Putland told Cherwell: “Mickey coached us like he would coach any of his professional sides. He was passionate about bringing the professional experience to all tiers of the game and to players of all backgrounds and characters.

“It didn’t matter what level you played; everyone got the same treatment and we loved being given that opportunity.

“His unwavering dedication, enthusiasm, and endless positivity drove the Blues’ ambitious and determined culture. Yet, he had a brilliant ability to always maintain a light and fun atmosphere, often filled with his contagious laughter. We enjoyed every session, and a huge part of the enjoyment was down to Mickey’s character and company.

“We feel very lucky to have known him, and he’ll be sorely missed. We’re sending all our love to Suzanne, Zach, and family.”

Players from across Mickey’s 18-year tenure at OUAFC came together to send their messages of love, support, and thanks shortly after his diagnosis. The club will dedicate the annual ‘Old Boys’ game to Mickey, while plans are also being made to honour him at this year’s Varsity match.

Two former Blues gave Cherwell the following statements in tribute to Mickey and his work with OUAFC:

Leo Ackerman (Blues Captain 2018-19): “I remember the first time Mickey and I sat down to discuss our plans for the 2018/19 season.

“I walked into the Costa Coffee on the Banbury Road, full of nerves, fumbling through my pockets to make sure I had enough change to purchase a coffee for Mickey. I spotted him, shook his hand nervously, and asked what he wanted to drink. ‘Large triple latte mate, with an extra shot’. It was 5.30pm.

“I went up, grabbed the coffee, and sat back down, leather notebook in my sweaty palms, ready to share my rudimentary tactical ideas with a man who had played and managed in the game for over thirty years.

“He saw the anxiety and lack of confidence in my eyes. He must have, because he grasped his rocket fuel in his right hand, flashed his eyes open wide, curved a slight but unmistakeable smile at me, and said: ‘don’t be nervous, son. Be your own man and everything is going to be fine’.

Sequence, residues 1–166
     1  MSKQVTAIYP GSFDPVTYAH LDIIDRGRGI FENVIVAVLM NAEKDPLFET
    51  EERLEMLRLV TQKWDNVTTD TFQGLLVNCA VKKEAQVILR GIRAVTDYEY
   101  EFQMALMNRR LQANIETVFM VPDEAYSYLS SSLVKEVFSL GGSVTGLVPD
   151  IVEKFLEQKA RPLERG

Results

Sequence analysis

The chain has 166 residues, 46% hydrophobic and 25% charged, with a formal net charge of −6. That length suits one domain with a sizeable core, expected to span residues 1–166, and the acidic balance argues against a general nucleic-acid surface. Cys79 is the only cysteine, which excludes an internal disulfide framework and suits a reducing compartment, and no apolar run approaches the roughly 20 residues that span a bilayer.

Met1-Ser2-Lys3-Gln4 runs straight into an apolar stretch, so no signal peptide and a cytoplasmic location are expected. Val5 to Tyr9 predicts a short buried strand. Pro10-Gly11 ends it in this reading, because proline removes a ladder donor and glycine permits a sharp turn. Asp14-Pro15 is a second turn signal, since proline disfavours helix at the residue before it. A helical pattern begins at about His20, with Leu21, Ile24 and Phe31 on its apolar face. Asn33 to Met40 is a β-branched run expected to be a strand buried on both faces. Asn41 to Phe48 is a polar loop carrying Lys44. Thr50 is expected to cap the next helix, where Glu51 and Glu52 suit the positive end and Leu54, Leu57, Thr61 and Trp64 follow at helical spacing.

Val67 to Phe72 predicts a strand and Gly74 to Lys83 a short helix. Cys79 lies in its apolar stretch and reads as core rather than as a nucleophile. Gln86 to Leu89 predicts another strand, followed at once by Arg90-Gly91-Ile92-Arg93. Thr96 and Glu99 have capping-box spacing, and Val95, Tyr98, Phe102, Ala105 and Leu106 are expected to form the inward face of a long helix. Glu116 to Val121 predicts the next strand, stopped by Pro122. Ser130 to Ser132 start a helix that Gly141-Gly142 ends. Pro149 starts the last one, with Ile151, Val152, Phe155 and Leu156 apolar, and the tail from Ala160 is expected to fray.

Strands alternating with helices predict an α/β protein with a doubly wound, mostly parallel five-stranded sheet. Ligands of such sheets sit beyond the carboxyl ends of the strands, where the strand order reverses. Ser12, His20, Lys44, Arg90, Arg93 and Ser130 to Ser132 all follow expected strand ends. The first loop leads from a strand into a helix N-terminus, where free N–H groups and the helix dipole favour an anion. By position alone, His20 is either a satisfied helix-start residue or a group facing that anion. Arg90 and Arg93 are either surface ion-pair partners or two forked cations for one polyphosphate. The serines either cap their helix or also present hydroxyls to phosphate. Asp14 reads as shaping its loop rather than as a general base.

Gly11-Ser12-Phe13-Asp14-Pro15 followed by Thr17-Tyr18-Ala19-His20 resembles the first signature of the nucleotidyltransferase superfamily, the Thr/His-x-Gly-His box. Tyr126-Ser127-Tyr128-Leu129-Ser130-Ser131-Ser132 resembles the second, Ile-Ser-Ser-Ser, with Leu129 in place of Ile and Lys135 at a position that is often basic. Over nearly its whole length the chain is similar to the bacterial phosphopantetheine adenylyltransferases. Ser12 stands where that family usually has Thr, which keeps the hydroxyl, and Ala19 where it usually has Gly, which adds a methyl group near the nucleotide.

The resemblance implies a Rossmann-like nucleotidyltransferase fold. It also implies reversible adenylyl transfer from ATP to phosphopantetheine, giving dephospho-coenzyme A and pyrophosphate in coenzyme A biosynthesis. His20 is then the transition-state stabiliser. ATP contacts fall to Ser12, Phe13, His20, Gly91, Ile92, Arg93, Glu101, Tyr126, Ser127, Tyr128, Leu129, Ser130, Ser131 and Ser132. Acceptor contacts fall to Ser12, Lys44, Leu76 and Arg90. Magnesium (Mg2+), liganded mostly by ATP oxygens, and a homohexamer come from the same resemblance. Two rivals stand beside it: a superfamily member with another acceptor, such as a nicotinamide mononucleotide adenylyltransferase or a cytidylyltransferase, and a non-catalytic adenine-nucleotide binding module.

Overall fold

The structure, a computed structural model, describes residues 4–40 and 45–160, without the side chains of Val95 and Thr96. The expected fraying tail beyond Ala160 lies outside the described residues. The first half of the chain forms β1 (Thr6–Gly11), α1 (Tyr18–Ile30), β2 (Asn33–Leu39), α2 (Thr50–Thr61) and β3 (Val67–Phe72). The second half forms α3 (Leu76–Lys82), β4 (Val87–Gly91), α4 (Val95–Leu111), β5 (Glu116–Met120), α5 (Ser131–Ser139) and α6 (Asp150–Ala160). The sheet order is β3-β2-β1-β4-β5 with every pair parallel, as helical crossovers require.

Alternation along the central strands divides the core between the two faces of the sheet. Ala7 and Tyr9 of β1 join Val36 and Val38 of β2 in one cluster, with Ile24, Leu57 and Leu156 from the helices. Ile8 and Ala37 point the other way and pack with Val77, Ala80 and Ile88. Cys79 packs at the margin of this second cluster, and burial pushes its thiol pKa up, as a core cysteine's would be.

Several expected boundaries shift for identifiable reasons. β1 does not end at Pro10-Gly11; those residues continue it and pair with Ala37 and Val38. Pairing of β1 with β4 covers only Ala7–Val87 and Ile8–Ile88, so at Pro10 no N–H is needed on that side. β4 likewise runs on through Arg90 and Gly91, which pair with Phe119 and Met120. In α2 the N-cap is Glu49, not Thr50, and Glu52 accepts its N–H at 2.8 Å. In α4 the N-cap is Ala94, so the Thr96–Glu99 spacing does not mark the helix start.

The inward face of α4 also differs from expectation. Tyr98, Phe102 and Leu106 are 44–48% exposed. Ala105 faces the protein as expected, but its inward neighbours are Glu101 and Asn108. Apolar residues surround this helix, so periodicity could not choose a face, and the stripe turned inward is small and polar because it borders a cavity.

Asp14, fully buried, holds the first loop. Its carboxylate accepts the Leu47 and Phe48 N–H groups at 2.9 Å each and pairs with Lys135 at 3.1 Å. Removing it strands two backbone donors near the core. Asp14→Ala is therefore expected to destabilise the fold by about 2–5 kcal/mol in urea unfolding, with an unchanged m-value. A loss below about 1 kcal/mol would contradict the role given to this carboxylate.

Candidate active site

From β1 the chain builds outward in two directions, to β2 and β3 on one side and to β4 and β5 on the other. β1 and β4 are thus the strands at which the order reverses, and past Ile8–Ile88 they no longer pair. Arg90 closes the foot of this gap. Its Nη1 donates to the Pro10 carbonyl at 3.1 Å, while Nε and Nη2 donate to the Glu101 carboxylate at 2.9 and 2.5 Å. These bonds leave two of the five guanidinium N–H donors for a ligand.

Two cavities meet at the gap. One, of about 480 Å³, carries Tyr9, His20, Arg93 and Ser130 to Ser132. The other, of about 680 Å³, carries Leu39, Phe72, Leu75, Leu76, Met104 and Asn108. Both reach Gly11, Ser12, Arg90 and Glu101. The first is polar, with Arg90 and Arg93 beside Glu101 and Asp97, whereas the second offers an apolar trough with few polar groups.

“We might have been pretty rubbish that season, but those words still soothe and strengthen me every day. Mickey has motivated, inspired, and guided generations of OUAFC players just like me.

“There have and will be in years to come better fathers, brothers, and sons, because of his legacy. Boys that came to university and left having learnt to be their own men.

“We will always be grateful for everything that he did for us.”

Leon Farr (Blues Captain 2010-11): “Mickey was more than a football coach to hundreds of players who worked with him across his two decades of service to OUAFC.

“As a coach, he was an incredible communicator, motivator and tactician. Passionate, intelligent, with an instinctive ability to get the best out of every player. Mickey enjoyed a successful career as a top-level professional player and coach, but he never patronised OUAFC. He took his role at the club seriously, but never too seriously, and his training sessions were relentlessly fun.

“His energy and enthusiasm were legendary and I’m still laughing at his training ground gags 10 years later. We would have run through a brick wall for him.

“Off the pitch, Mickey was the same as he was on it. Funny, kind-hearted, and generous with his time – a man who loved his family and his job.

“Mickey would often say: ‘Don’t let the game pass you by!’ and for me it summed him up perfectly. He never did let life pass him by, and I feel so lucky to have known him. I’ll miss him terribly.”

Special thanks to Ben Putland for his contribution to this article.

Image credits: Oxford University Association Football Club

Mickey Lewis Memorial Fund: https://www.gofundme.com/f/mickey-lewis-memorial-fund-official 


Support student journalism

Student journalism does not come cheap. Now, more than ever, we need your support.

Check out our other content

Most Popular Articles